One in five (21%) adults in the UK are planning to learn a language in 2018, with Spanish being the most popular choice amongst potential learners according to a poll commissioned by the British Council.
Of the 2,109 respondents questioned by Populus in December 2017, 64% said they had always wanted to speak another language fluently.
Spanish (21%), French (10%), Italian (7%), German (5%) and Japanese (3%) made up the top five most desirable languages for budding linguists to learn this year.
More than half (56%) of respondents said they regret never making the effort to speak another language fluently, while one in three (32%) pledged to put in the effort to learn some key phrases of another language in 2018.
45% of those surveyed said they were “embarrassed” by the level of their foreign language skills.
While 58% agreed it was more important than ever for people in the UK to learn another language, just 16% said they could speak a foreign language to a high standard and 33% stated they could hold a basic conversation in a one.
A quarter (25%) said they will be encouraging their children to learn at least some of another language in 2018, with Mandarin Chinese predicted to become one of the most popular foreign languages learned in UK schools.
Last November, a British Council report identified Spanish, followed by Mandarin, French, Arabic and German, as the most important language for people living in the UK to master as Brexit approaches.
The report called for “a bold new policy” to improve foreign language learning, and suggested that languages be given the same priority as maths and science in schools.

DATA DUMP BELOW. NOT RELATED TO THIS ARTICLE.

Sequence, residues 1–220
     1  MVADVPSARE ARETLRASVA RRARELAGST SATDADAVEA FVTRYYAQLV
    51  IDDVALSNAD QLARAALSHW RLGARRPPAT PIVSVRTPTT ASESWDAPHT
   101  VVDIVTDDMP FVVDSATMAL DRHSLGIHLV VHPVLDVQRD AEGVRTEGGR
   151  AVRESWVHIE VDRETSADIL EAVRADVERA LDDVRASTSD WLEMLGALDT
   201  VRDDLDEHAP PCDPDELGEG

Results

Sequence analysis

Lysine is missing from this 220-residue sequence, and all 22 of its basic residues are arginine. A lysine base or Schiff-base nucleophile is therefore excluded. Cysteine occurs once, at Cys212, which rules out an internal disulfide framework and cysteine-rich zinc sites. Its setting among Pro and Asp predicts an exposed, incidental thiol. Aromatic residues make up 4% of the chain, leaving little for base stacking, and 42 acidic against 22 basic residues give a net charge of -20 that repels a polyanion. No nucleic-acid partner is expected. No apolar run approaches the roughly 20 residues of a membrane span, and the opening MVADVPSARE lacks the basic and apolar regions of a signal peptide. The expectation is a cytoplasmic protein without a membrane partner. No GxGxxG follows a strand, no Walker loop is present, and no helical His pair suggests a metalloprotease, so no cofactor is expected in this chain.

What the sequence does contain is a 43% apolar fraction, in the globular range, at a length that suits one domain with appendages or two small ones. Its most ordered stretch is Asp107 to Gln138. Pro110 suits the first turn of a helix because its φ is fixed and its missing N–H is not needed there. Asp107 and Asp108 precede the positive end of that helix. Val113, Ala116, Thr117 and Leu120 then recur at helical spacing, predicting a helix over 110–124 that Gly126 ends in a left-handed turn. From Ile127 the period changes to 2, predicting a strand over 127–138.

Commenting on the results, schools adviser at the British Council Vicky Gough said: “It’s fantastic that many of us hope to brush up on our language skills in 2018. In particular, the languages we are most keen to learn are some of the languages the UK needs most.”
However, Gough added that the country is still facing a languages deficit.
“If we are to remain globally competitive post-Brexit, we need more people who can speak languages,” she said.
The British Council’s call comes as the uptake of languages in schools faces a challenging time.
Official figures from the Joint Council for Qualifications highlight a 7.3% drop in the number of pupils in England, Wales and Northern Ireland taking GCSE language exams in the past year, and a 1% drop at A Level.
Scottish Qualification Authority figures indicate that the situation is similar in Scotland with significant drops in French and German uptake in the past year.
The UK’s current lack of language skills is said to be holding back the country’s international trade performance at a cost of almost £50 billion a year.
“Learning other languages not only gives you an understanding of other cultures but is good for business, for life and for wellbeing too,” Gough added.
“The New Year is the perfect time to get started.”